Bear cubs get more motherly love when their moms are protected from hunters
Twenty-five years ago, brown bear mothers in Sweden rarely spent more than 18 months raising their cubs. Today, it’s not unusual for moms to devote 2 1/2 years to their cubs before they go off on their own.
What’s behind this new passion for parenting? Researchers attribute it to a hunting regulation that protects mother bears and their cubs.
Detailed data on brown bears living in Swedish forests show that when moms feel under the gun, their best survival strategy is to have as many cubs as possible — which means weaning their young quickly.
However, when they don’t feel pressured by hunters, they respond by investing more time and resources in their offspring. That gives the cubs a better chance of survival when they finally do make their own way in the world.
The results surprised researchers, who predicted that the mother bears would try to have as many cubs as they could.
“We expected that shorter periods of maternal care would be more advantageous, because it provides females with more reproductive opportunities and because the energetic costs associated with maternal care are high in mammals,” the researchers wrote in a study published Tuesday in the journal Nature Communications.
Scientists have been observing this population of Scandinavian brown bears (Ursus arctos) since at least 1987, keeping track of as many individual animals as they could. The bears in this forest of Scots pine and Norway spruce trees are “heavily hunted” between late August and mid-October (though the hunting season can end earlier if the quota has been met).
The regulation at the heart of the study prevents hunters from killing adult female bears that are seen with their dependent cubs. That means that the more time moms and cubs spend together, the longer they are protected from hunters.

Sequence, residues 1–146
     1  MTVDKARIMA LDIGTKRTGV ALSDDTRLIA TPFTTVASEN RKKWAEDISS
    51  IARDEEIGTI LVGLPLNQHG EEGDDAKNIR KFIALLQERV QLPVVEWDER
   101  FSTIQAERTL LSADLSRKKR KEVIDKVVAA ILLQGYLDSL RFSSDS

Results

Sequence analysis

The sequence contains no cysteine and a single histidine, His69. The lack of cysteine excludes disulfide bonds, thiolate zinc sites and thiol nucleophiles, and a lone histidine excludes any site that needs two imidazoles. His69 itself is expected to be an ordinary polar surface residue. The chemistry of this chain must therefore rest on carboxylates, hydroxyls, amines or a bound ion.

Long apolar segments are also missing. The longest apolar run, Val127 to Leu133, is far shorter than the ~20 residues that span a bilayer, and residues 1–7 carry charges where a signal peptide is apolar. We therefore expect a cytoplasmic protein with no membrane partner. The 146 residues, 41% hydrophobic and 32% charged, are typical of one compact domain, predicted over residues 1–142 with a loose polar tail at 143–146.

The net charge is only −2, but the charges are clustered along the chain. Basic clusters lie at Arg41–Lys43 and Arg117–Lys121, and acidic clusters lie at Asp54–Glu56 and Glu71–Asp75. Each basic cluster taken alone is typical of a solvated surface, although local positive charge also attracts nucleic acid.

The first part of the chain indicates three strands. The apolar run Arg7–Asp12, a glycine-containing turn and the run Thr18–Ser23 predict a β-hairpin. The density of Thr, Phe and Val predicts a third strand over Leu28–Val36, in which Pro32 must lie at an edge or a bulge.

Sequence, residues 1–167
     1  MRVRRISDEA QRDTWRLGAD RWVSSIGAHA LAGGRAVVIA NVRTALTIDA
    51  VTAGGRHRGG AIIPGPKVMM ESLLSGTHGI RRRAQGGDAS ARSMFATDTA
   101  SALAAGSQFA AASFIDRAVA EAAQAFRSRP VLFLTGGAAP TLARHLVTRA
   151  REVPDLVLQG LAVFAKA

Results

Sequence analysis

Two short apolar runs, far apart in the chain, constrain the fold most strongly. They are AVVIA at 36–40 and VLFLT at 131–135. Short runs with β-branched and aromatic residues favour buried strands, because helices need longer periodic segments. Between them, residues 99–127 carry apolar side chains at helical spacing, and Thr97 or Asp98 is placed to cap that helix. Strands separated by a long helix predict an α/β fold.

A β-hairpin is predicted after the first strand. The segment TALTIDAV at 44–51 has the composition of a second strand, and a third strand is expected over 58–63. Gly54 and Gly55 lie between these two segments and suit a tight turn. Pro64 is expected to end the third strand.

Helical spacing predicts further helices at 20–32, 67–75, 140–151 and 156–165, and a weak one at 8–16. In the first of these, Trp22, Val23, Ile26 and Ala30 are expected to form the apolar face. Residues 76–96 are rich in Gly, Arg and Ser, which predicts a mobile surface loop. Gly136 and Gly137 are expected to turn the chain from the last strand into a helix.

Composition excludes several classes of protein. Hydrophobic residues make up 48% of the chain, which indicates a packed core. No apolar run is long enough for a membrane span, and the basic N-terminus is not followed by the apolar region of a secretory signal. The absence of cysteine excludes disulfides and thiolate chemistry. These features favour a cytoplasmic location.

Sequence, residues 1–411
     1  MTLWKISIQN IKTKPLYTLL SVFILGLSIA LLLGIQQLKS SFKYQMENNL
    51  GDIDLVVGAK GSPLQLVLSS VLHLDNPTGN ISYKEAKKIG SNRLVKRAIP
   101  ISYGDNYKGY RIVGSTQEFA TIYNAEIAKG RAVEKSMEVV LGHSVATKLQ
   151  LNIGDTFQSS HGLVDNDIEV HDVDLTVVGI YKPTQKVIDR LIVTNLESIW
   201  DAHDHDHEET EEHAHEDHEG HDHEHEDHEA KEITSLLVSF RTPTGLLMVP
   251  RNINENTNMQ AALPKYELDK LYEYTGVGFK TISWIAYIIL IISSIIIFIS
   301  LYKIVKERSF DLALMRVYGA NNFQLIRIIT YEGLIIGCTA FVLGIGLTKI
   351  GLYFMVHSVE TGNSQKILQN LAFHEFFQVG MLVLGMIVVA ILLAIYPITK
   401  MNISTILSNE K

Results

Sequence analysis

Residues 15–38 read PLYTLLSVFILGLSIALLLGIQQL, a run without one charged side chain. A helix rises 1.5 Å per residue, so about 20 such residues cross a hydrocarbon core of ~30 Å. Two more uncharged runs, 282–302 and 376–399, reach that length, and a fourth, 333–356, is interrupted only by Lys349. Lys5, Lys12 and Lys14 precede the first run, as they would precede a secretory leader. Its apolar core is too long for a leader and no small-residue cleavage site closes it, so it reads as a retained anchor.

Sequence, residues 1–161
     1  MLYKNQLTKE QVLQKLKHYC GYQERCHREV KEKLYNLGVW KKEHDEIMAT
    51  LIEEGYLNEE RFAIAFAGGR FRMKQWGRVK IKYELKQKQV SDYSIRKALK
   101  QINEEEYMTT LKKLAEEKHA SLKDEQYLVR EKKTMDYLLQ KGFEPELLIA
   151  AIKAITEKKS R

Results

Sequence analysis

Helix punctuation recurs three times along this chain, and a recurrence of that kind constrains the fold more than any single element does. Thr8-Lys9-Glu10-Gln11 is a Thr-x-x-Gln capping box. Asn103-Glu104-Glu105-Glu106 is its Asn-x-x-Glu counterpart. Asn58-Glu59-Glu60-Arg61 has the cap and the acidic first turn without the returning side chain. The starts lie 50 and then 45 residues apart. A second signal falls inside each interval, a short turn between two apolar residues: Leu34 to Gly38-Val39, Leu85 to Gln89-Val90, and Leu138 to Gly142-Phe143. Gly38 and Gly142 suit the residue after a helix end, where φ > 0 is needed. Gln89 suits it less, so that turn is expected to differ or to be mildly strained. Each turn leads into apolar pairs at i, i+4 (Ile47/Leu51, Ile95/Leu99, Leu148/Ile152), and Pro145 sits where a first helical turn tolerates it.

Still, it took several years for observers to find a family unit that stuck together for 2.5 years. The cubs were born in 1993, and the litter was weaned in 1995. Since that time, 25% of brown bear litters were raised with the “2.5-year tactic,” according to the study.
This survival strategy became more common over time. In the first decade after the pioneering family was found, litters with longer childhoods were seen only every other year. But since 2005, at least one such litter was found every year. In 2009 and 2010, more than two-thirds of observed litters were raised this way, though that level of popularity didn’t last.
Although the costs of that extra year of parenting were high for moms (both in effort and in lost chances to have more cubs), the benefits were substantial as well. Adult female bears were nearly four times more likely to be killed by a hunter if they were on their own than if they were raising cubs. Mama bears that used the 2.5-year tactic spent fewer hunting seasons on their own — and their overall survival rate was twice as high.
Their cubs benefited too. Focusing on female cubs, the researchers found that all of the cubs that got extended parenting survived their second year of life. However, among cubs that were cut loose after 1.5 years, 22% didn’t make it to their third birthday.
Hunters weren’t the only ones who preyed on bears with shorter childhoods. These animals also were more likely to be killed by other bears in battles over territory and other resources, according to the study.
The results show that humans can shape wildlife species not only by killing animals but by deciding not to kill them, the researchers wrote.
“Prolonged maternal care provides a buffer against high hunting pressure,” they wrote. “If levels of hunting pressure continue to be high or increase, our study suggests that the relative occurrence of the 2.5-year tactic will increase.”
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